- Make sure the owner has signed the Vehicle Title. Check the back of the vehicle title and confirm that the “Signature of Seller/Agent” section has been signed.
- Request proof of coverage (the car’s insurance)
- Get a copy of the recent Vehicle Inspection Report
- Don’t forget to get a lien request
Since you’ll be doing most of the work, unlike buying from dealerships, have the transfer fees ready as you’ll be spending at the Texas DMV.
When Moving to Texas
Texas gives you 30 days to transfer the Vehicle’s Title to the state. A full vehicle inspection will be required, which you can do at your nearest station. Make sure you get the VIR (Vehicle Inspection Report).
Note that an emissions inspection is mandatory in some counties which may cost you a bit more money. Once the inspection is complete, you’ll need to go to the Texas DMV with the following:
- A Filled out Form 130-U
- The vehicle’s proof of insurance
- Proof of sales taxes paid
- Proof of Odometer reading (if the vehicle is less than 10 years old)
Transferring the Title in Texas if it’s a Gift or Donation
The process isn’t much different from selling or buying a vehicle, as outlined above. The only major difference is that you won’t be paying standard taxes. However, the recipient of the vehicle will have to incur a $10 gift tax.
At the same time, both the donor (the one gifting the vehicle) and the recipient will be required to fill the Affidavit of Motor Vehicle Gift Transfer.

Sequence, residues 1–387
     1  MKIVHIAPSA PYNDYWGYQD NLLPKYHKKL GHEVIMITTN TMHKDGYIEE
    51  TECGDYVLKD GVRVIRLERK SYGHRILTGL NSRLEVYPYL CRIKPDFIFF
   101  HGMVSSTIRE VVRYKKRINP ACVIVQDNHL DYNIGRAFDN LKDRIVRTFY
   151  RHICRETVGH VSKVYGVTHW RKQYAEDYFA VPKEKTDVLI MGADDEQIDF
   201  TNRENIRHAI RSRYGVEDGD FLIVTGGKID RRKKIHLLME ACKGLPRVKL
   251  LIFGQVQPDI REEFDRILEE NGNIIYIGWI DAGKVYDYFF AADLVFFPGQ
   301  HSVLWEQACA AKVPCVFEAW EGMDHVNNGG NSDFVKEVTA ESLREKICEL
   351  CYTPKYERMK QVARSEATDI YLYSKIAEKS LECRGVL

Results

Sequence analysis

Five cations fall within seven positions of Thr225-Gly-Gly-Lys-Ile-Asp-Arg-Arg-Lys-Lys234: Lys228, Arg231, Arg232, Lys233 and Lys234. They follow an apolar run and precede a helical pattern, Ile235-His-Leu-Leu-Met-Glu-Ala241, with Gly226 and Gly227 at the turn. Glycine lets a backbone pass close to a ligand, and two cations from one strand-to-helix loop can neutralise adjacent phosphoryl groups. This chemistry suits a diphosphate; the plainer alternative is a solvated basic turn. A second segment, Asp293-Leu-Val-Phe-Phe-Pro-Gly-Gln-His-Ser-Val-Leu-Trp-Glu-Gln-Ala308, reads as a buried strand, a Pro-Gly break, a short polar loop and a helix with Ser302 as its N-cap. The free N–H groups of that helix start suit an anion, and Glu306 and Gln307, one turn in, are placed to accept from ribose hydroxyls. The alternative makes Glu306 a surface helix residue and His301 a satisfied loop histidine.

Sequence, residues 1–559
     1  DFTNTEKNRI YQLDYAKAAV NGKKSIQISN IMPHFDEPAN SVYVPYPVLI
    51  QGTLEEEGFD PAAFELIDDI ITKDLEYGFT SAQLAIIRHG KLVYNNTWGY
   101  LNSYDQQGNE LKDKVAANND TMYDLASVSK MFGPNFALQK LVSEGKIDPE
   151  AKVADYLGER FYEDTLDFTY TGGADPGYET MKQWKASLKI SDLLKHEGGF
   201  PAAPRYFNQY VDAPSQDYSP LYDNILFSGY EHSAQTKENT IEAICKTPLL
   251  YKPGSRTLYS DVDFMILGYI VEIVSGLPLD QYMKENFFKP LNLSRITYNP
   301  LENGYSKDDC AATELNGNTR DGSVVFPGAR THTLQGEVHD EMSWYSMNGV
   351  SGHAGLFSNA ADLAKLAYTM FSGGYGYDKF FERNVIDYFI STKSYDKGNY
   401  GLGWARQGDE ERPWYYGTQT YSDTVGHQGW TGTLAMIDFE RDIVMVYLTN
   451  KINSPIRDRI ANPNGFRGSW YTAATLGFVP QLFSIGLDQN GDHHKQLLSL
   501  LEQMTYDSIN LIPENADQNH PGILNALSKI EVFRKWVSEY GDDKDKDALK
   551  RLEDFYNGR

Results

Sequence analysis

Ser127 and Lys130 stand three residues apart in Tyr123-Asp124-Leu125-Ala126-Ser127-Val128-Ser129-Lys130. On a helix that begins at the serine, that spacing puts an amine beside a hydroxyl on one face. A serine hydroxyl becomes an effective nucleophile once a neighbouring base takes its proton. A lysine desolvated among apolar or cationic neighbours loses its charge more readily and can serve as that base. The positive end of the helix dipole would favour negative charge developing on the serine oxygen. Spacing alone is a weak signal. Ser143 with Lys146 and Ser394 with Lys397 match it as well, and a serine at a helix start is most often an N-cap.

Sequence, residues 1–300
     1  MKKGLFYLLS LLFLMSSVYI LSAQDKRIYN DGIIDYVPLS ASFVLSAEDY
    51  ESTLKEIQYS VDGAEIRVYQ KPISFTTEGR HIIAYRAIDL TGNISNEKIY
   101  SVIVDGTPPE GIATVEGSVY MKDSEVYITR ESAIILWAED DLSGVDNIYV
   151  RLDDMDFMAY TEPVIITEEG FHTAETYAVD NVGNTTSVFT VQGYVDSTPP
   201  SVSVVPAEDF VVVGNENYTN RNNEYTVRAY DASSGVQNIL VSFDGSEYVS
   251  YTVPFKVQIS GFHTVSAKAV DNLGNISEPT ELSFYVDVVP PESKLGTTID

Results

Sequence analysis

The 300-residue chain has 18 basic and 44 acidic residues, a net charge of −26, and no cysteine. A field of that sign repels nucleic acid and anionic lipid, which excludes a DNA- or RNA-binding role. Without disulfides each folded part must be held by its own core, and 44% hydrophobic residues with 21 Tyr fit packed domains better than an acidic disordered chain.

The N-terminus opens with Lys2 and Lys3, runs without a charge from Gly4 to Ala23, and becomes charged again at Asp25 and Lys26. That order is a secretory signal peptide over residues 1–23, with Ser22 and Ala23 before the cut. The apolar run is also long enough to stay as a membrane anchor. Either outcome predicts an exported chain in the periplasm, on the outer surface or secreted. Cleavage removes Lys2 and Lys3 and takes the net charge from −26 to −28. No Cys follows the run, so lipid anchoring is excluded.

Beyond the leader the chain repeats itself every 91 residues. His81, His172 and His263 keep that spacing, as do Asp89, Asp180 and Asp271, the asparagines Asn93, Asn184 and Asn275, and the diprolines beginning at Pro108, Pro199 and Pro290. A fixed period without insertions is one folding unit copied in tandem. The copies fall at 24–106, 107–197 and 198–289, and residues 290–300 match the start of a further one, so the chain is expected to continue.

How to Transfer the Car Title in Texas If Inheriting from Family
Compared to the other reasons for transferring a vehicle title, inheriting is a little more complicated. If there is an official will, then the vehicle title’s transfer process relies on the executor. This is because the vehicle is part of the probate process.
On the other hand, if there isn’t a will, and the surviving spouse or family member (or any other qualifying heir) is available, he or she will be required to fill the Affidavit of Heirship for a Motor Vehicle.
What’s the Cost of Transferring a Title in Texas?
Besides all the paperwork associated with a title transfer, you’ll additionally need to pay several county and local fees. The transfer fee itself will cost you between $28 and $33, depending on which county you’re selling the car from.
In addition to the title transfer fee, you may have to pay an additional $7 for a new inspection if needed. There will also be other miscellaneous charges that could set you back up to $20. This brings the total cost of transferring a title in Texas to around $60. These fees are an approximation and are based on the year 2021.
Can I Sell a Car Without a Title?
You need a title to sell a vehicle in Texas. If you have lost yours, you can obtain a duplicate from your local Texas DMV.
Be sure to submit the VTR-34 form to your local DMV offices to make this process a simple one. A $2 fee will be applied if you send the title request by mail or you’ll pay a $5.45 fee if you do it in person.
Sell Your Car to Motors on Wheels
If you’re looking for a faster way to sell your car in Texas, Motors on Wheels is your answer! We buy cars throughout Houston, Austin, and San Antonio. All we need is your car title to prove that you are the legal owner and we’ll take the wheel from there.
You don’t have to worry if you’ve lost your car’s title. You can easily request a duplicate title and proceed with the car sale. Fill out this form to get an instant quote for your vehicle or call us on (713) 660-8666 for more information.